Ambergris Caye (pronounced "Key") is a 20 mile long, two mile wide tropical island covered with coconut and mangrove trees, cooled by trade winds and protected by one of the world's longest barrier reefs. Golf carts, bicycles and your own two feet are the main modes of transportation on the sand covered streets of tiny San Pedro, the islands only town.
For those who really want to get away from it all, there are secluded resorts that specialize in diving, fishing, boating or simply stretching out in a hammock with a cold drink and a bestseller. Parts of Ambergris are even more remote, comprising government protected reserves where you can see endangered sea turtles swim ashore to lay their eggs, ospreys dive for fish in backwater lagoons and archaeologists hunt for artifacts among ruins left by the ancient Maya civilization a thousand years ago.
Dozens of fishing, diving and snorkeling sites are less than an hour away, including Hol Chan Marine Reserve and Shark/Ray Alley. The latter are underwater nationals parks that teem with tropical fish of every size, color and description, along with exotic corals, sponges and sea fans.
Day trips can easily be arranged to the mainland. Popular and worthwhile destinations include the Maya ruins at Lamanai, or Altun Ha; the howler monkey reserve and Belize Zoo west of Belize City; and soft-adventure horseback, mountain bike, or canoe trips in the jungles of the Cayo District.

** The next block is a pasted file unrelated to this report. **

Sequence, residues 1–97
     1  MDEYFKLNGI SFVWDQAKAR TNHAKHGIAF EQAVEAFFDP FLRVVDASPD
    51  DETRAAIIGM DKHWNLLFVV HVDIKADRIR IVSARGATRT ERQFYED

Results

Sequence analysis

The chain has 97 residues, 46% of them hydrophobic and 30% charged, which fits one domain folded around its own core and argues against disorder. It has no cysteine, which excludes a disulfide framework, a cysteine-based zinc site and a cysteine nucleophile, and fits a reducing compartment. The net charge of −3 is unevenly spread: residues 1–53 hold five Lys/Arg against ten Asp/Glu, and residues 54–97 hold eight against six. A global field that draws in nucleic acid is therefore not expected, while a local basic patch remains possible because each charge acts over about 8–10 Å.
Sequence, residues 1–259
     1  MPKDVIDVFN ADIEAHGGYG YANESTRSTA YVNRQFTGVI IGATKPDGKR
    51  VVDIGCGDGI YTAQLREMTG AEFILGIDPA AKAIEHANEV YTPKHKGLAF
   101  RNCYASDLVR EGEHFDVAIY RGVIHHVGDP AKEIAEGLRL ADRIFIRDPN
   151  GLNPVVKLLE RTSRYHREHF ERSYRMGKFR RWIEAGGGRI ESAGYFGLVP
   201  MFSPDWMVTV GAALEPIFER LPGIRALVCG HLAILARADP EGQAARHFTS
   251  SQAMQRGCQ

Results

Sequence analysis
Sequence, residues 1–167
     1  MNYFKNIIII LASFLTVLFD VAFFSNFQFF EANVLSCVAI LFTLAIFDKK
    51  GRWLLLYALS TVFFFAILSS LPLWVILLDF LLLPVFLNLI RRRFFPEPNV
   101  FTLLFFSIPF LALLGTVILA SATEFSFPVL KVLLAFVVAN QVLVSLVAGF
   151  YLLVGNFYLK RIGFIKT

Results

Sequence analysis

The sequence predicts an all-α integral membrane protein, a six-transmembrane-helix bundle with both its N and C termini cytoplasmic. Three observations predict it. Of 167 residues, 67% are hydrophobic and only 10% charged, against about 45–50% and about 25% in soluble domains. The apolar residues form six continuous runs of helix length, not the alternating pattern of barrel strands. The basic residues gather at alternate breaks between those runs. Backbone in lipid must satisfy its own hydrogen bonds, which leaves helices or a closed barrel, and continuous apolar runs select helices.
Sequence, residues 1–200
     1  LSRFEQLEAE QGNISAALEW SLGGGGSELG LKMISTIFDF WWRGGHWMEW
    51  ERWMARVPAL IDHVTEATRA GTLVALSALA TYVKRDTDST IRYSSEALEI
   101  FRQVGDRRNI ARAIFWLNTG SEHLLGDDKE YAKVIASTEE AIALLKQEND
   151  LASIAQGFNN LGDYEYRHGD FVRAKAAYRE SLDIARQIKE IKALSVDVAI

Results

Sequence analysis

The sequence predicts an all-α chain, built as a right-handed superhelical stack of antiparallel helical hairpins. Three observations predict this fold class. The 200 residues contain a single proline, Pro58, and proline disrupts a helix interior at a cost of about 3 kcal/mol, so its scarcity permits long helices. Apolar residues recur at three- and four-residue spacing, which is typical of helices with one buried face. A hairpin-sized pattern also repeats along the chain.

Lamanai - The ruins of Lamanai lie scattered along the lagoon of the New River within a tropical rainforest in central Belize. The archaeological reserve is spread over 950 acres, however, the central area of the site covers approximately half a square mile. Mayan "Lama'an'ain", translates into "submerged crocodile" and, was one of the longest continuously occupied Mayan cities-from about 500 BC to 1675 AD due in part to its situation on a major trade route, the New River. The first major excavation was by David M. Pendergast, of the Royal Ontario Museum. During a series of field seasons beginning in 1974, his team mapped 718 structures stretching out along the shore of the lagoon. Much of Lamanai's importance is reflected in the large, imposing Late Pre-Classic temple-pyramids, which usually built over top of Early Classic constructions. For example, buried deep inside a 600 AD masked temple lies a well preserved Late Pre-Classic temple dating back to 100 BC In addition to the many Mayan structures in the park, Lamanai is also known for the remains of two 16th century Catholic churches and a 19th century sugar mill including a huge flywheel and boiler. Due to the long occupation of the site by varied peoples, the artifacts of Lamanai include those of stone, clay, wood, bone, shell, jade, gold, copper, glass, and iron. Also of interest, there are at least four troops of howler monkeys living there and the marshlands around the lagoon support many species of water birds, mammals, and reptiles.